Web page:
Highway risk just got greater, as the media points to an escalating problem, not only distracted driving, but oxygen-deprived driving that one probably never even considered before. Do you remember holding your breath when crossing bridges as a child?
“Just in case the bridge collapses!” This was the playful statement made by 10-year-olds throughout the country as their parents traversed the many bridges built to support regular traffic patterns. Unfortunately, some people were not aware that it was just a game, like spin the bottle or the Ouija board meant to be left behind as one matured. Today, there is a growing trend among young adults to repeat this silly behavior when crossing bridges and entering tunnels.
A story out of Manning, Oregon has made the distracted driving danger associated with this behavior very clear to the masses. Whether or not the story of 19-year-old Daniel J. Calhoon will be enough to deter drivers from taking part in the holding of breath on bridges and in tunnels has yet to be determined. However, it certainly is scary enough to make this St. Petersburg resident want to spread the word.
The story, featured in The Two Way (by NPR), mentioned that Calhoon’s passenger car crossed the center line, smashed into a much larger, Ford Explorer before crashing into the tunnel’s side wall. This was all a result of the driver losing consciousness from oxygen deprivation.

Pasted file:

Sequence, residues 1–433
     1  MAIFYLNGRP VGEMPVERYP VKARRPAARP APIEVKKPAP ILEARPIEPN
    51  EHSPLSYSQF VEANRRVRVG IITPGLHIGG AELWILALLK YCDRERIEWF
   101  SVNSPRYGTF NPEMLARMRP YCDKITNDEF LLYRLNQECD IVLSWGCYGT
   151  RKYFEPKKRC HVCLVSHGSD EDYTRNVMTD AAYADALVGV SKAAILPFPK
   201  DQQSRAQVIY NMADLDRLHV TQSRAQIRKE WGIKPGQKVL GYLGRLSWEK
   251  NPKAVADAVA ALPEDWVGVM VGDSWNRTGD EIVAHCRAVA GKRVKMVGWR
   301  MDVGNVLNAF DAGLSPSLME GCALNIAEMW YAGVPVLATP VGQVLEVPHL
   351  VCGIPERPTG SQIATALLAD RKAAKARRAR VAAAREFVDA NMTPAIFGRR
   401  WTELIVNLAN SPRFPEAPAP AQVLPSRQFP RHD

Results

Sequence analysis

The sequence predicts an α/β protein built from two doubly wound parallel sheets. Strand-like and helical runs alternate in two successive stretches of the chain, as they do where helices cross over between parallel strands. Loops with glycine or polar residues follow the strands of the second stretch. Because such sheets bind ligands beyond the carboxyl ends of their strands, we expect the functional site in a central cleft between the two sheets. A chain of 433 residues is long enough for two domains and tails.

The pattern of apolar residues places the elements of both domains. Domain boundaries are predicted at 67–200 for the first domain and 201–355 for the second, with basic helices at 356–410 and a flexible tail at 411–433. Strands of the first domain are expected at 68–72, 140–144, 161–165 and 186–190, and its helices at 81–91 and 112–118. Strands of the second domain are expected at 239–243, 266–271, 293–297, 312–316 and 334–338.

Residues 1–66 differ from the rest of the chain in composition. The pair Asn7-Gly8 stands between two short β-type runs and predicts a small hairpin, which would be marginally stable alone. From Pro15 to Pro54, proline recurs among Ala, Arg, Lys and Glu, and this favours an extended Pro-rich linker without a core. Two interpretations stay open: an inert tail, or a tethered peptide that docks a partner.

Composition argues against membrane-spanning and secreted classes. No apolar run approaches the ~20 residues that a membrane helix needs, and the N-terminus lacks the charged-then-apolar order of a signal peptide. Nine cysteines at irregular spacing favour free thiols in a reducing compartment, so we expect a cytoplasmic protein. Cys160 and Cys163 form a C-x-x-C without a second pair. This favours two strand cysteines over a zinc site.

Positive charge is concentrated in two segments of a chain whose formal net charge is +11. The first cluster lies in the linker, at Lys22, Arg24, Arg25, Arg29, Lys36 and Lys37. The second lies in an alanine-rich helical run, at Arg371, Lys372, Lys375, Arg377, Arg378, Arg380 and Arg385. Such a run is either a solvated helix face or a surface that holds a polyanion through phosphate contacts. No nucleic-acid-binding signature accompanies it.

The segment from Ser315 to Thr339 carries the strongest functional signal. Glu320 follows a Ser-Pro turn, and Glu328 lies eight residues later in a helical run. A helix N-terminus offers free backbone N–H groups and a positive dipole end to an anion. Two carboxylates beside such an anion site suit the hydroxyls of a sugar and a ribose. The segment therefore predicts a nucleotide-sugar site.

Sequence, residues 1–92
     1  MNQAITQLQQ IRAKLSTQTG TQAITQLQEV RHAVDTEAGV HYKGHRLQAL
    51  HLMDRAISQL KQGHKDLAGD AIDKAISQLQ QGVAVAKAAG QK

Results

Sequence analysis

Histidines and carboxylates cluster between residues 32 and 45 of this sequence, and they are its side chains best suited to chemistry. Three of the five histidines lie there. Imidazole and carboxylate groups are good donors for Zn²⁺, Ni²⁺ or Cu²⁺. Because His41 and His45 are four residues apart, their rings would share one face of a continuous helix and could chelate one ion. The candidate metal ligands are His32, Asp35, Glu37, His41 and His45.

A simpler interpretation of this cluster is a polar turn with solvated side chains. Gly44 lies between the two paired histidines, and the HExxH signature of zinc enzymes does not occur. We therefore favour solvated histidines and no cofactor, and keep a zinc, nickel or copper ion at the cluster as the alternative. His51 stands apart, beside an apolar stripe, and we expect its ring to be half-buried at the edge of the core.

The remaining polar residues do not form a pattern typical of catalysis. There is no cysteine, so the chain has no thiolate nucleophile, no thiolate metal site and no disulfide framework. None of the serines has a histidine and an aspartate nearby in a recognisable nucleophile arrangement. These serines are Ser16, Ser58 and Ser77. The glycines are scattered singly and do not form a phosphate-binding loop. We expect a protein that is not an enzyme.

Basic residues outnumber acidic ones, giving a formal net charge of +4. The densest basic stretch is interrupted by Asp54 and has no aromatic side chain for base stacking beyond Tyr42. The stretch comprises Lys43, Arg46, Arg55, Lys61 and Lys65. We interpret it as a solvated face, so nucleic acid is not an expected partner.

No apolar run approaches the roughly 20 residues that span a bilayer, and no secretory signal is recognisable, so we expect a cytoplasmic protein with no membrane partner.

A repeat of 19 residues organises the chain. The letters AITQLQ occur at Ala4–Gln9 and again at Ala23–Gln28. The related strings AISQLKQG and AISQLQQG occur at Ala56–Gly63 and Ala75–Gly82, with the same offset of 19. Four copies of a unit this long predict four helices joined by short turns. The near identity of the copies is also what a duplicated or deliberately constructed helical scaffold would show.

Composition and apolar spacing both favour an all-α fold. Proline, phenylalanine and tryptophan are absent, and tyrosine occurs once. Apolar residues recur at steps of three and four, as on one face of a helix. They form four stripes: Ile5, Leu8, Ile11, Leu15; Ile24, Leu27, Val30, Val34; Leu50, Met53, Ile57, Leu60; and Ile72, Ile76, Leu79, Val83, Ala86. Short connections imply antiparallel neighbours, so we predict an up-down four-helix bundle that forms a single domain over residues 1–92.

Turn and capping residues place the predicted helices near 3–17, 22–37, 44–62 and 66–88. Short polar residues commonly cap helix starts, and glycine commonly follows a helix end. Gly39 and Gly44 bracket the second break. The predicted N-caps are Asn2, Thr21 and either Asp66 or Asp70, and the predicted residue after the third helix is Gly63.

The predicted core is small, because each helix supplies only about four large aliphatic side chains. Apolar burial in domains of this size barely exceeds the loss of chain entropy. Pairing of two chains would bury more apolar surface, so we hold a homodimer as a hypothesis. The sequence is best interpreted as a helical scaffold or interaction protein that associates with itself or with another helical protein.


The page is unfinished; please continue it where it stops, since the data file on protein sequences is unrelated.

Superstition did this young man in. Four people were injured in the distracted driving accident and one needed immediate, emergency medical care as a result of the childish game. The authorities are suggesting that the playful habit doesn’t have to be given up entirely, if that’s what people choose, but that it should not be something that drivers are participating in. For most, the ten seconds that it takes to cover the distance of the tunnel in question would be far too short a time to cause a loss of consciousness. However, traffic delays, a sudden need to stop, illness, or a host of other complications can make swooning a more likely occurrence.
The level of risk assumed by playing this game is not yet known. This is not something that the authorities consider when formulating traffic statistics. However, if the trend continues, then there could be reason to start recording incidents more carefully.
If curiosity is getting the better of you, consider holding your breath while watching this video, recorded by driver Geoff Huth. This video was also highlighted as a problem by The Two Way, as one can clearly hear Huth gasping for air by the time he reaches the light at the end of the tunnel (no pun intended).
In Saint Petersburg, the Sunshine Skyway Bridge might be one of the most likely targets of young drivers thinking to participate in this childhood pastime. Over four miles long, it can take a driver more than three minutes to cover the length. One can easily see how this would be very dangerous.
Though Calhoon was certainly not planning to pass out or cause an accident, his actions did cause harm to others and a great deal of monetary damages. It is very likely that he will be facing off against a personal injury attorney in court before long.